Aww come on Hypatia, this is the first step to a bio city, the tubes bit is avoidable with good husbandry.

14. Nov 18, 2005

### wolram

Brewy what the ***** is that avatar about ?

15. Nov 18, 2005

### brewnog

What's the problem with my avatar? It's a building site! We love building sites! I can change it if you want, but I think it's pretty nice.

16. Nov 18, 2005

### hypatia

Will it have a cow friendly roof?

17. Nov 18, 2005

### Moonbear

Staff Emeritus
Don't forget the lethal burps! It has to be far worse than cow farts. :yuck:

18. Nov 19, 2005

### Chronos

Indeed. I can't help but wonder how difficult it would be to convince the cow that the collection device is both comfortable and stylish. I have this disturbing image of them dragging their butts across the pasture like a cat with worms.

19. Nov 19, 2005

### zoobyshoe

"The Straus Farms' covered-lagoon methane generator, powered by methane billowing off a covered pool of decomposing bovine waste, is expected to save the operation between $5,000 and$6,000 per month in energy costs. With those savings, Straus estimates he will pay back his capital investment in two to three years.

But the benefits go beyond the strictly financial. An innovator who converted his family's dairy to organic a decade ago, Straus is a committed environmentalist who has worked for decades to make his operation clean, sustainable and environmentally friendly.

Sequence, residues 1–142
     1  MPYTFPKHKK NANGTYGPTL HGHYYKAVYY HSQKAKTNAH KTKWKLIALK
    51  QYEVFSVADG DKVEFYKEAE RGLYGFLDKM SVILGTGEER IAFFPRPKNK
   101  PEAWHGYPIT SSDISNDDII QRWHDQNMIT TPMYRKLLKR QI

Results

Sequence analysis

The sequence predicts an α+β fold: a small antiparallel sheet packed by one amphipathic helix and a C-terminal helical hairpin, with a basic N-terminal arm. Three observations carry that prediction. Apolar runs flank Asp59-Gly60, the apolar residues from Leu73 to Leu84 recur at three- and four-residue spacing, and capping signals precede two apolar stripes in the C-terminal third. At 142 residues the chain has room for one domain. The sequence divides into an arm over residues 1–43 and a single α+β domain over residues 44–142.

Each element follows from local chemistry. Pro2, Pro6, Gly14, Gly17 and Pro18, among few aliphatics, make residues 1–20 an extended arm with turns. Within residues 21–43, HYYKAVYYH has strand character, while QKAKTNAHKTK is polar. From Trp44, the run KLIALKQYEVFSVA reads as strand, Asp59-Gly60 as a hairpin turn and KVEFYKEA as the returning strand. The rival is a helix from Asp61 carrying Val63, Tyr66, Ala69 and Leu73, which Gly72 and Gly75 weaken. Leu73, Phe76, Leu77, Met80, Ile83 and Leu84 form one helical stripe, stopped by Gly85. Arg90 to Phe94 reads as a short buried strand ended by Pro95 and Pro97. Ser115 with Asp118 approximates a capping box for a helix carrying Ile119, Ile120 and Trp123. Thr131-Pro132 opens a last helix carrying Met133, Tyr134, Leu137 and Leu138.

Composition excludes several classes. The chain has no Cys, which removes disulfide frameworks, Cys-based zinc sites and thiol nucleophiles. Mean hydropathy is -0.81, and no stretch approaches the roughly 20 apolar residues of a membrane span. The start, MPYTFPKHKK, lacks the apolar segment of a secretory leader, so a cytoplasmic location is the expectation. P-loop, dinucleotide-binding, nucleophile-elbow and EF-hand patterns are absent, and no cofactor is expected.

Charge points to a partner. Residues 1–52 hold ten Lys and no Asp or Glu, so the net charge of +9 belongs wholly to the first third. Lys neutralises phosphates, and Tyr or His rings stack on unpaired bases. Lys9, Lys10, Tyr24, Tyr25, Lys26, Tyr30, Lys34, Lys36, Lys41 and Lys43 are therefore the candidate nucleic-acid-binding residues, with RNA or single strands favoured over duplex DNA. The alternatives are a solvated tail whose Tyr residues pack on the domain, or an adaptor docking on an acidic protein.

In addition to the energy savings, Straus' new methane digester will eliminate tons of naturally occurring greenhouse gases and strip 80 to 99 percent of organic pollutants from the wastewater generated from his family's 63-year-old dairy farm. Heat from the generator warms thousands of gallons of water that may be used to clean farm facilities and to heat the manure lagoon. And wastewater left over after the methane is extracted, greatly deodorized, is used for fertilizing the farm's fields.

"This is a great project, and I hope it will be replicated many times," Straus said. "

This is the largest scale methane producing operation I've ever heard of and I hope it inspires more of them so that average people see it's viable.

This goes back to Wolram's original post. If we're talking about a situation where you already have cows anyway for dairy and meat purposes, methane digesters are a great solution to the problem of what to do with their waste.

If you don't have cows, though, because you live in a town or city, you could still produce your own methane provided you have somewhere to put the digester. Alot of people don't realize they run on plant matter as well as animal waste. Once you get the right bacteria in there to begin with you can feed it with lawn clippings or any soft vegetation.

As for large scale operations involving cows, I don't really know how they operate but if the cows are kept indoors for all or part of the 24 hours in a day, then I suppose their prodigious flatulence could be collected by running the air from the barns through activated charcoal filters. The methane laden charcoal could then be stored for later use, the gas being released by heating it. To be clever and efficient, this would best be accomplished on sunny days in some sort of solar oven.

At any rate, if you have a methane digester, you don't need cows on the roof. A roof lawn or hydroponic system for growing plants to feed the digester would work.

20. Nov 19, 2005

### wolram

You could keep plenty of pigs on one acre, and they virtualy look after themselfs not like pesky plants that need lots of tlc.

For a cheap methane plant all that is needed is a big inner tube, fill with bio
degradeable stuff add water and squish out all the air, as it starts to expand
you can tap off the gas.